Ohio State President Michael Drake talks Credit: Jack Westerheide | Photo Editor

Ohio State President Michael Drake said Wednesday the university has had a full-time employee in the Office of Student Life supporting students protected by the Deferred Action for Childhood Arrivals program since last spring, a revelation that takes on greater significance due to the expected termination of DACA.

In an interview with “All Sides with Ann Fisher” on WOSU, Drake continued his unwavering and vocal support of the program that protects undocumented immigrants who arrived in the United States as children with their parents from deportation for a certain period of time.

Though Ohio State does not keep specific numbers on how many DACA students are present at the university, Drake said dozens of students would be affected if DACA was eliminated.

Drake noted the difficulties DACA students face in paying to attend college as they’re not eligible for assistance such as federal grants, but said the university tries to help them in whatever way possible by identifying support they are eligible for and trying to “help them help themselves.”

However, Drake said he could not comment yet on what Ohio State would do for those students in the event that DACA ceases to exist.

“There is speculation about an announcement that may come from Washington,” Drake said. “We’d have to see what that announcement was before we knew what liberty we had to respond and the way we could.”

Fox News reported Thursday that an announcement from the White House on DACA is imminent, and could be coming as early as Friday.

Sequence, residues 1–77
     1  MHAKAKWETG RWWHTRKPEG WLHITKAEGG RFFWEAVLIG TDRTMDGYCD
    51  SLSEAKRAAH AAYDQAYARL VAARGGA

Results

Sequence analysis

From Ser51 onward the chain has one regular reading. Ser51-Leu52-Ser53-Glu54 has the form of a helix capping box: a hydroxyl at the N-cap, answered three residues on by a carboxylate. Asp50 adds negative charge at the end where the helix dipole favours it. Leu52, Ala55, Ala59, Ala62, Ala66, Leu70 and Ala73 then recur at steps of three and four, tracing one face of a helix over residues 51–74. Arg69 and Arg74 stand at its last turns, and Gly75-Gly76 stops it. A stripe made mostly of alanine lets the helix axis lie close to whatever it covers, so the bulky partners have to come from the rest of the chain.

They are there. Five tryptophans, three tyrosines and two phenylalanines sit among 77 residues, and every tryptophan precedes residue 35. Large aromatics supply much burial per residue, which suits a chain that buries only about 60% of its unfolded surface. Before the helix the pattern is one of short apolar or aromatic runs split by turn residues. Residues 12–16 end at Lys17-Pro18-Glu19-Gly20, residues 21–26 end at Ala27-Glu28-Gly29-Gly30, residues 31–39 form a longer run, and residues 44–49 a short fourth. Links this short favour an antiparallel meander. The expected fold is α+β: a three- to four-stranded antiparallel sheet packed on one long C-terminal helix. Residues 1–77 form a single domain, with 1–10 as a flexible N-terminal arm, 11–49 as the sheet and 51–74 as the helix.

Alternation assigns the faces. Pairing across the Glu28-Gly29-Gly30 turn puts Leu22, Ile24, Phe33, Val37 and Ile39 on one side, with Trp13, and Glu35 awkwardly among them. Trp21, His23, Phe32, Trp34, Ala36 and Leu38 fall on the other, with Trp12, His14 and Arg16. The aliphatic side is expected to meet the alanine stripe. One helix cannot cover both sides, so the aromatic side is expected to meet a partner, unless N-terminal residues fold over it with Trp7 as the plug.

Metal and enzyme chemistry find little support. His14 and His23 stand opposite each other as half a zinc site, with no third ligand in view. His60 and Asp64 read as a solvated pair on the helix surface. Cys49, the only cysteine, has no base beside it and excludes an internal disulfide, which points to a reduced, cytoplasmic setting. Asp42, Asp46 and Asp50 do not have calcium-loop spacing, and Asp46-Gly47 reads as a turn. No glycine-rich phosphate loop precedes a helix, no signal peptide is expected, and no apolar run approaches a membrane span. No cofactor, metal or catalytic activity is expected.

President Donald Trump promised to end DACA during his presidential campaign, but upon taking office, his administration decided to instead continue the program for now. The Trump Administration’s review of DACA, which CNN reported has been going on for months, has picked up in recent weeks.

Drake has stood by DACA since its formation, repeatedly championing the program and the individuals it protects. He, along with more than 600 university presidents, wrote and signed letters urging a then-incoming Trump administration to support DACA.

Drake was clear he does not like the idea of universities being asked to help deport students.

“Wouldn’t it be an amazing thing that we would have criminals, et cetera all over the country, but someone would say, ‘Well great let’s not look at them, let’s look at really enterprising young people who have worked really, really hard to try to better themselves and want to be contributing parts of our society and spend time and resources taking these successful people out of our society for no fault of their own,’”  Drake said.

He said his hope is that it doesn’t get to a point where the university would have to take this type of action, adding that even Trump has called targeting those without criminal records bad policy.

During the interview, Drake took time to praise undocumented students he worked with while he was chancellor at University of California, Irvine.

“Because we have competitive universities they had to be at the top of their class in high school and then they find themselves in college to be among the brightest, hardest working students we had,” Drake said. He said DACA students are “really outstanding people who had overcome a lot and are really doing everything they can to contribute to the American dream, that’s why they’re called dreamers.”

The Lantern reached out to the university to identify the employee and was told that the point of contact for DACA students is Bowen Marshall in the Office of Student Life Multicultural Center.

An interview was requested but university spokesman Ben Johnson said they are not currently doing interviews on the subject at this time. He added that DACA students could find the employee’s contact information on the Multicultural Center website.